Lens Sharpness, Contrast and Color Rendition
As I reveal below, the Nikon 18-35mm f/3.5-4.5D is far from being a stellar lens. Aside from a number of issues such as “wavy distortion”, chromatic aberration and heavy vignetting, the resolving power of the lens is very weak outside the center area, especially in the corners. The lens is so bad in the corners, that I would not consider using it on a full-frame body.
On APS-C / DX cameras, the lens does not look as bad, since the corners are not used and the performance in the corners looks similar to what we see in the mid-frame. Personally, I would rather use the excellent Nikon 16-85mm VR lens if I were looking for a DX lens in the same price range. I measured the MTF performance of the lens using Imatest software and so far this lens has been the worst performer for FX – see below for more information.
Nikon 18-35mm f/3.5-4.5D MTF Performance
Let’s take a look at the resolving capabilities of the Nikon 18-35mm f/3.5-4.5D in detail. Here is the lens performance at the short end of the zoom range, at 18mm:
The lens starts out pretty well and gets to very good performance at f/5.6 in the center. The mid-frame performance is much weaker than the center, but gets decent at f/5.6 and very good by f/8. Corner performance is very bad pretty much at all apertures, with its highest performance at f/11.
Here is the lens at 24mm:
The overall performance of the lens is slightly worse at 24mm. Center performance is weak wide open, but gets very good at f/8. Mid-frame performance drops compared to 18mm, with its peak performance at f/5.6-f/8. Corners still look pretty bad at all apertures.
And finally, here is the lens performance at 35mm:
Things look a little better at maximum aperture at 35mm, but the overall performance is still pretty weak across the frame.
Just like many other ultra wide-angle lenses, this lens is not really designed to yield beautiful bokeh, due to its small maximum aperture and short focal range, which results in large depth of field. At f/4.5, bokeh options at the longest focal length are still quite limited. You would have to get your subject extremely close to be able to get some subject isolation.
If you want to get better bokeh on wide angle lenses, try fast-aperture primes like Sigma 35mm f/1.4.
The Nikon 18-35mm f/3.5-4.5D suffers from heavy vignetting issues at 18mm. At f/3.5, vignetting is quite bad, reaching 2.79 EV in the corners. Take a look at the following chart, measured by Imatest:
Vignetting levels improve significantly at 24mm and are at the lowest level at 35mm.
And here is the illustration of the worst case scenario (18mm, f/3.5):
If you are planning to use a standard polarizing filter on this lens, it will vignette heavily in the corners at 18mm (corners will have to be cropped).
Ghosting and Flare
The lens can exhibit pretty nasty flare, depending on the position of the sun and aperture. Take a look at the following image sample, shot at f/8:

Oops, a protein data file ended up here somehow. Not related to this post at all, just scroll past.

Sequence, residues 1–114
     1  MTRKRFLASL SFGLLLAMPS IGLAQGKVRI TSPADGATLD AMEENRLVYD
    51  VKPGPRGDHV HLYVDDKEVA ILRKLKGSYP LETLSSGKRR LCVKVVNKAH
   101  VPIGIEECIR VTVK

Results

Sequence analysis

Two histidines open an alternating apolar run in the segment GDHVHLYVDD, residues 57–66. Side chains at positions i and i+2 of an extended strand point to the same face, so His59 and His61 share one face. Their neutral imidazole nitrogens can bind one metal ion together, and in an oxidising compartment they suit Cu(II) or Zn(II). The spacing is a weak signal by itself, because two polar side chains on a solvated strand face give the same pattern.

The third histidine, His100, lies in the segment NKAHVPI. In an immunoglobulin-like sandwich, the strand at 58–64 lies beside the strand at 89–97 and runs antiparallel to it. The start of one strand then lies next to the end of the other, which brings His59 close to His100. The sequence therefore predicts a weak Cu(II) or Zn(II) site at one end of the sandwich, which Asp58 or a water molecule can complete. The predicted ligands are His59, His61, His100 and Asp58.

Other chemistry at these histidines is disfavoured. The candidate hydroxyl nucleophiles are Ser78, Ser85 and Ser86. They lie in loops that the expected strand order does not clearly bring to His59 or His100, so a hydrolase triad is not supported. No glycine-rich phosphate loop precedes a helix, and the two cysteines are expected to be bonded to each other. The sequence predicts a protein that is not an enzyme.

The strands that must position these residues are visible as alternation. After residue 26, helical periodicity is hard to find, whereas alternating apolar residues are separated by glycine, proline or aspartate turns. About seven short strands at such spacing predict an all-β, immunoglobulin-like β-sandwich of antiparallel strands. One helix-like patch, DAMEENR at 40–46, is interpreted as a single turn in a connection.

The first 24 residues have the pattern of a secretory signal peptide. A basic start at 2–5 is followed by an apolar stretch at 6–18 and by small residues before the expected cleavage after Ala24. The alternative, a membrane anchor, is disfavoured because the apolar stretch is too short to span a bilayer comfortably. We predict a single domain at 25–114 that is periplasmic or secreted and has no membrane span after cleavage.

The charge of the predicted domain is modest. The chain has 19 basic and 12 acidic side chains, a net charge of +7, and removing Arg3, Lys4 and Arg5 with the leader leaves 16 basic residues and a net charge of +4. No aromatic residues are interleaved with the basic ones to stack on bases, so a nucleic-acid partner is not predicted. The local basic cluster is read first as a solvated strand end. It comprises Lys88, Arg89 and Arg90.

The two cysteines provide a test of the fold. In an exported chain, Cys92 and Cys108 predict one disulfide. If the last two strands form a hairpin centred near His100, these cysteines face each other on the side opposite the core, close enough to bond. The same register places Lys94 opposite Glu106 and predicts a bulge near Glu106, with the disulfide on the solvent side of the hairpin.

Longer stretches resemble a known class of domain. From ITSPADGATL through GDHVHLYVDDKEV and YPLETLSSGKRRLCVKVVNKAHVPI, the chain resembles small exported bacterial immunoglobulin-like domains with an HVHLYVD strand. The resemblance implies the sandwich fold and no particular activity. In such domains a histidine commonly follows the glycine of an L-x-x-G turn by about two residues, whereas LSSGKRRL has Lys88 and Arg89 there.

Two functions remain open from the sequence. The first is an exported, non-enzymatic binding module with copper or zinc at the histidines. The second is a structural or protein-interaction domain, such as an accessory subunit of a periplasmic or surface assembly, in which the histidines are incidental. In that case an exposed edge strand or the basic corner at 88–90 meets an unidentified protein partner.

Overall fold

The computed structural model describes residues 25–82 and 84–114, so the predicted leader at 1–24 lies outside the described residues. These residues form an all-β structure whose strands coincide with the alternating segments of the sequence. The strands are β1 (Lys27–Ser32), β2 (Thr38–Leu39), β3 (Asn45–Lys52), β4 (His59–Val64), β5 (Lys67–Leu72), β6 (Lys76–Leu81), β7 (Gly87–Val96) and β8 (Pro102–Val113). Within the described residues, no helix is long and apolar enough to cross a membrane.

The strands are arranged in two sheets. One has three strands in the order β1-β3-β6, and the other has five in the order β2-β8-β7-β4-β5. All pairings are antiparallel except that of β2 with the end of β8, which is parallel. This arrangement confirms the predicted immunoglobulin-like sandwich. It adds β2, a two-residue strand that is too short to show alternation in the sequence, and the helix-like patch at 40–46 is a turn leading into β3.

Take a look at the lower right corner of the frame – flare, strong in orange color is quite evident there. Ghosting is also pretty noticeable across the frame in tinted green and blue colors.
While the Imatest charts below indicate pretty moderate levels of barrel distortion, the measured distortion levels are actually inaccurate, since this lens exhibits a very nasty case of curved or “wavy” distortion. First, take a look at the following graph charted by Imatest:
And now take a look at what the chart actually looked like when I photographed it at 18mm:
Take a look at the top line – ideally, the line should be straight, if a lens does not have any distortion. As you can see from the image, the line is not only curved, but it is irregularly curved – it first starts out flat, then starts curving at about 1/4th of the way, eventually taking a spherical shape, then it straightens back into a straight line again towards the end. This type of distortion is practically absent on modern lenses, but I have seen it a couple of times on older AF-D lenses.
The bad news, it is practically impossible to fix this type of distortion. If you try to fix distortion in the middle of the frame, the corners curve out, as shown in the “corrected” image below (+8 in Photoshop Lens Correction):
When the lens is used on APS-C cameras, the straight area is not in the frame, so distortion can be more or less fixed in Lightroom or Photoshop.
Also, pay attention to the lower line – this particular lens sample suffers from misaligned optical elements, so it is impossible to make both lines appear straight, or consistent. I have seen this on a number of lenses before, so it is not a rare occurrence, unfortunately.
Lateral chromatic aberration levels are high, averaging over 2 pixels at 18mm. CA levels drop down as you zoom in towards 35mm:
Lateral chromatic aberrations are generally not a problem and can be easily fixed in Lightroom and Photoshop. Longitudinal chromatic aberration is also under control, which is good news.
Next up, let’s look at a comparison with the newer version of this lens.
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